Wednesday, April 22, 2020

Graffiti and Flowers


I loved the way these little flies were parked tête-à-tête, as if having a conference about some serious fly business. How to divvy up the dead mouse by the shed, maybe?

Yesterday I let Olga take me for a walk -- she chose the direction and the route. (Obviously I still held the leash!) We wound up on Billy Fury Way, probably West Hampstead's sketchiest pedestrian path, running along the railroad tracks. There's lots of litter, which is why Olga likes it, and in broad daylight I wasn't too concerned. But then we were approached by a scarecrow-thin guy who got right up in my personal space (well within two meters) and mumbled something. "What's that?" I asked, having not heard him, and he said, "Oh, sorry," and scampered away. I think he thought I was either buying or selling.

Ah, urban life.


We found some interesting portraits spray-painted on one of the railroad bridges.



Other than that little adventure, life was pretty sedate. I read all day, and Dave and I watched "Alice Doesn't Live Here Anymore" in the evening. Ever since I heard last December about the death of Philip McKeon, who played Tommy in the TV show "Alice," I've had it in my head to watch the movie that inspired the show. (Even though McKeon isn't in it.) It's a good film.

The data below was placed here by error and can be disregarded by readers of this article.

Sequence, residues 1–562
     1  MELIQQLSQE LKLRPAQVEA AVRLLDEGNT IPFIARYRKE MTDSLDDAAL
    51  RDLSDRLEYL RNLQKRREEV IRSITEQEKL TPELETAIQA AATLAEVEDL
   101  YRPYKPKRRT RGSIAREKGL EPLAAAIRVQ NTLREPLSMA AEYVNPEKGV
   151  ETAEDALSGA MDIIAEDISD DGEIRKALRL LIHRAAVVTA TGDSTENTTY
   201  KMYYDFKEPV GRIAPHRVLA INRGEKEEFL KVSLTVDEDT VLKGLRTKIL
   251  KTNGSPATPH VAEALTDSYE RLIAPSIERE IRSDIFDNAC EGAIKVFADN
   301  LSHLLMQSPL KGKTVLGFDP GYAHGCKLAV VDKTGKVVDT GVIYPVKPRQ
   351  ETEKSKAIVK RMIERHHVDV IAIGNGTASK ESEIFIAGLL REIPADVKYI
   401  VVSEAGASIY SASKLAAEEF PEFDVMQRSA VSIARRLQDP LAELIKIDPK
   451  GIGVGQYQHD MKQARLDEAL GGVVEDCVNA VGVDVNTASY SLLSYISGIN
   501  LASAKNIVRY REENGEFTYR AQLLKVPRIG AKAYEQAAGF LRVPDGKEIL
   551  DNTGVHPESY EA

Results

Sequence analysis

Here's some of what's blooming now:


Our first rose appeared yesterday morning, and we have plenty more buds on the way. They seem to hit their peak about a month from now, as I recall.


Mrs. Kravitz gave me a flat of violas, part of her hoard of free plants. I put some in a hanging basket and planted the rest around our potted blueberry bush, and they're all going gangbusters.


Our camellia has lots of flowers and even more buds. I've never been crazy about this plant -- the white flowers turn brown very quickly. But it was here when we moved in, so c'est la vie. (Apparently I am channeling my inner Frenchman today.)